Hieronimus — who says he’s very demanding as a manager but gives people a lot of trust — enjoys and has a knack for identifying and growing emerging talents.
“I believe in building people and building the team,” he said. “In all my career, I’ve tried to identify who were the people that were really great and that I could push, develop, stretch.”
Many of the those whom he brought onboard at L’Oréal Paris have become top leaders at the company today, including Délphine Viguier, L’Oréal Paris global brand president; Arnaud Jeanteur, deputy CEO of the Professional Products Division, and Laetitia Toupet, global brand president of La Roche-Posay.
The group transformed L’Oréal Paris into an aspirational, accessible luxury brand, including developing Plenitude skin care, with the new name Dermo Expertise, creating Men Expert and pushing makeup. Under Hieronimus, L’Oréal Paris’ annual sales grew 36 percent, to 3.8 billion euros.
Another defining time for Hieronimus was when he ran L’Oréal’s activity in Mexico for three years.
“That’s the moment when you really have to question yourself, to adapt to a new culture, new purchasing power of consumers, a new style of consumer, a new way to manage people, a new relationship to hierarchy and — obviously — to a new type of distribution,” he said. “I loved it.
It was there that he understood the power of L’Oréal’s “universalization” model, which encompasses having worldwide brands with global technologies and innovations, but then adapting them to local realities.
After Mexico, Agon tapped Hieronimus to take responsibility of the Professional Products Division, beginning in 2008. That is the birthplace of L’Oréal, which got its start in the hair dye business. “It’s really the cradle of the L’Oréal culture and group — this craftsmanship, the relation with hairdressers, who are both artists and artisans,” he said.
It’s also a division that doesn’t rely on big-budget advertising, but on creating products and working on service, support and training.
Around the period of the 2008 financial crisis, in response to the difficult times, the Professional division came out with a big innovation, Inoa, the ammonia-free permanent hair color, and hosted a large celebration for hairstylists, syncing with the company’s 100th anniversary.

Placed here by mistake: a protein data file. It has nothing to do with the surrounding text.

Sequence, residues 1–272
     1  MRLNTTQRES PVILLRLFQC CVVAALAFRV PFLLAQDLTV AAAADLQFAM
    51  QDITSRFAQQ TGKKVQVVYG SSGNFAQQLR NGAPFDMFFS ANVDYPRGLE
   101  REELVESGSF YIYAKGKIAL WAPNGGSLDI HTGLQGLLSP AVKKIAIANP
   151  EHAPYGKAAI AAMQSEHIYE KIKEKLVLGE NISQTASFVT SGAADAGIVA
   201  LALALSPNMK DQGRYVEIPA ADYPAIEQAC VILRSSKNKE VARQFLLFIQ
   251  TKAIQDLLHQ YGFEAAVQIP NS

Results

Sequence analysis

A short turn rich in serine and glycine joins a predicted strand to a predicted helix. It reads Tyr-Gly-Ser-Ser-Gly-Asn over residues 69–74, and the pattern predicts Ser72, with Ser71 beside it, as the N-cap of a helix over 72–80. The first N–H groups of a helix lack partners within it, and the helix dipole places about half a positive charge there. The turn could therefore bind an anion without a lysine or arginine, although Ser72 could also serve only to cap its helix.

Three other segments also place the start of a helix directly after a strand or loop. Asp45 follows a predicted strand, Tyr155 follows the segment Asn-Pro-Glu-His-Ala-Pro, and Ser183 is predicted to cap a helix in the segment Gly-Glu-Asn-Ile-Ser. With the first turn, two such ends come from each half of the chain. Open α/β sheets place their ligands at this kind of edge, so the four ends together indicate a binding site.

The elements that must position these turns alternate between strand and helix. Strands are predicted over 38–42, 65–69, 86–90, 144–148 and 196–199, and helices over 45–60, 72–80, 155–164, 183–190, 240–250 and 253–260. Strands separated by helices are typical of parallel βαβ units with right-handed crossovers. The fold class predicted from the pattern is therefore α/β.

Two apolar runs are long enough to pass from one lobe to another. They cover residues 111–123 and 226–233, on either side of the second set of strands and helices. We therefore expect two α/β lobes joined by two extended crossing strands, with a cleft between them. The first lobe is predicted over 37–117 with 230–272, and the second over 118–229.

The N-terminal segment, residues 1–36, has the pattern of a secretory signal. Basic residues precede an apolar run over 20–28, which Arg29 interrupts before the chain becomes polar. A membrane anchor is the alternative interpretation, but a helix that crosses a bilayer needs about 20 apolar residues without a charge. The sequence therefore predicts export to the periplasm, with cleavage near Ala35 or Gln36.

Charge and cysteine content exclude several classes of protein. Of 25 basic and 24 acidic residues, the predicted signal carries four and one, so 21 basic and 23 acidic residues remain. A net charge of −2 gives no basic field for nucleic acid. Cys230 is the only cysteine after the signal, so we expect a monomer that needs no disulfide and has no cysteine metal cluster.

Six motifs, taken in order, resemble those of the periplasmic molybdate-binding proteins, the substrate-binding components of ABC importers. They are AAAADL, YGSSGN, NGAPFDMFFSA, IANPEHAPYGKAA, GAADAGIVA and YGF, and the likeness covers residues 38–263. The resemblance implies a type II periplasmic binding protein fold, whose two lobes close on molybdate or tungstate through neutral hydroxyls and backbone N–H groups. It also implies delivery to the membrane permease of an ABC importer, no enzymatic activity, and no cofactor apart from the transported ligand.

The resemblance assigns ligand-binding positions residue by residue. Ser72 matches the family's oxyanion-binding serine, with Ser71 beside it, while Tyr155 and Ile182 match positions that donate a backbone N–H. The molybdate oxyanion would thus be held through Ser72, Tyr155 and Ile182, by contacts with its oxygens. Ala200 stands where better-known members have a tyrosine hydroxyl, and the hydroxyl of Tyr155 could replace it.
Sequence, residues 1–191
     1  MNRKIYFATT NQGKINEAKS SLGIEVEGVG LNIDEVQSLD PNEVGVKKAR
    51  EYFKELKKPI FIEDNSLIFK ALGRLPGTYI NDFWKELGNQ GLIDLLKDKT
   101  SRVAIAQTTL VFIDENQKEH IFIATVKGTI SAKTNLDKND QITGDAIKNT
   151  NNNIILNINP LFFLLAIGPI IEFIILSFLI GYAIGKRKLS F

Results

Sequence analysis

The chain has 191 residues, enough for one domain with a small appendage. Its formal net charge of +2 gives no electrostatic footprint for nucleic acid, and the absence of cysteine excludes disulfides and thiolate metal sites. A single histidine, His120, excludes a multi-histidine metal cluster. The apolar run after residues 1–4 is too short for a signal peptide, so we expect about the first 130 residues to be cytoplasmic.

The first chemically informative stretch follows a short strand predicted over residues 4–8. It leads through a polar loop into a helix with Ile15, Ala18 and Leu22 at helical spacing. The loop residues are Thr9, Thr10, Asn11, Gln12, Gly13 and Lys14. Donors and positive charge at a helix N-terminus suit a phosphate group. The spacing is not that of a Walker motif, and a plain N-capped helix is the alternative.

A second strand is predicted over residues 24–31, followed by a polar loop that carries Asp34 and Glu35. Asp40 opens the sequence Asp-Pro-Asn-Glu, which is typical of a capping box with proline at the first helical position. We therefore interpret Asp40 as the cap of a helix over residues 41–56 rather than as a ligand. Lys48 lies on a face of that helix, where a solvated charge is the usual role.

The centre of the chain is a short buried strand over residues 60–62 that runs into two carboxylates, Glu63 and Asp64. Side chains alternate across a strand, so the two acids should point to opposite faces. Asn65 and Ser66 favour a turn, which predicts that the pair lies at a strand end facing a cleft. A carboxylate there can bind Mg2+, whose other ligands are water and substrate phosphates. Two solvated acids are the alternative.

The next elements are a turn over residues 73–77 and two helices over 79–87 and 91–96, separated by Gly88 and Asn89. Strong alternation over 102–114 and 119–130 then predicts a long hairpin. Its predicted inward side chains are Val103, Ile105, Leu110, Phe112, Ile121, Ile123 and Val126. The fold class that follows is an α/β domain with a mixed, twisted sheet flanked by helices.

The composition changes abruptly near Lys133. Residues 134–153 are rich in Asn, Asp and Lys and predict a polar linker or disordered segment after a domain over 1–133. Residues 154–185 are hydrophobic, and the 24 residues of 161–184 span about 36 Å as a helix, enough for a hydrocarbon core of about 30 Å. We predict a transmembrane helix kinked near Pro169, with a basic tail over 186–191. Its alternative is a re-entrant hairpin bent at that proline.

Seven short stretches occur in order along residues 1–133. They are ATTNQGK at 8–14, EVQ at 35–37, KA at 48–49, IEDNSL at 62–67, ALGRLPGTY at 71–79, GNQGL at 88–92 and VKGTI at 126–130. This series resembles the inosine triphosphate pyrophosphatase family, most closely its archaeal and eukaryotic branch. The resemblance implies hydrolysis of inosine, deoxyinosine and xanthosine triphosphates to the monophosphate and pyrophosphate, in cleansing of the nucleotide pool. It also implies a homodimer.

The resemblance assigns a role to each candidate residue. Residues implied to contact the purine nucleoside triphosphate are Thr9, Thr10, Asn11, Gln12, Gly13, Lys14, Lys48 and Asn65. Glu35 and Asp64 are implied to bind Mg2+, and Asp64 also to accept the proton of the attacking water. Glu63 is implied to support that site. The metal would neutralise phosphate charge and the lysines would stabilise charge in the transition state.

An event was held for more than 4,000 hairdressers at Le Zénith arena in Paris, where Hieronimus also presented a vision of hairdressing of the future.
“One of these visions, by the way, was the green salon,” he said. “And the green salon is actually happening now, led by the Professional division.”
Hieronimus called the morale-building responses “very L’Oréal” and noted similarities between those and the way L’Oréal is handling the COVID-19 pandemic.
“We get mobilized to try to go forward. We come up with new ideas and products, and we don’t stop innovating,” he said. “We want to animate the market and at the same time, we care about our ecosystem.”
Whereas the party for hairstylists was to give them a vision of a bright future, during the time of COVID-19 L’Oréal helped them financially, to reopen and launched products for the channel.
From the Consumer division, Hieronimus learned the power of advertising and star products, and from and the Professional division, he understood the importance of service, experience and empathy with the ecosystem. These insights he brought with him to L’Oréal’s Luxury Products Division, which he ran from 2011 and 2018.
The first decision he took at that division was to change its name. “I said: ‘We have to call it L’Oréal Luxe, because luxury is not just about products,’” he said.
Experiential retail, for instance, is a key ingredient.
“I’m a great believer in brands and brand equities,” said Hieronimus, who added that a focus was on making sure that each brand was growing according to its DNA and potential. The strategy bore fruit, with Yves Saint Laurent, Giorgio Armani and Kiehl’s becoming billion-euro brands during his tenure.
Between the end of 2010 and 2018, the division’s sales grew exponentially, from 4.5 billion euros to 9.37 billion euros.
“Nicolas is a very talented businessman: He often sees things before all others and pushes the business, smoothly, in that direction,” said Giorgio Armani, who credits Hieronimus with taking Armani’s beauty business from a male-focused perspective to one oriented on women, as well.
“After all, men and women are equal in the Armani world,” Armani continued. “Nicolas saw this as an opportunity and made it a priority.”
Key launches, such as Lip Maestro in 2012 and the Sì fragrance in 2013, helped propel Armani beauty into a key player in the luxury space.
“I found an unexpected and motivated ally in Nicolas when it came to my belief in the potential of the Armani DNA in the makeup world,” the designer continued. “My makeup line was launched in 2000, yet with a very limited distribution. It was Nicolas Hieronimus who believed in my vision and instigated a strong push toward a wider distribution. He sensed my intuition was right and helped a lot. Today, makeup is a significant contributor to and a growth engine for our business.”
Hieronimus, who has also been an important factor in L’Oréal’s top-ranked travel-retail business, in 2013 had his purview expanded to oversight of the Selective Divisions.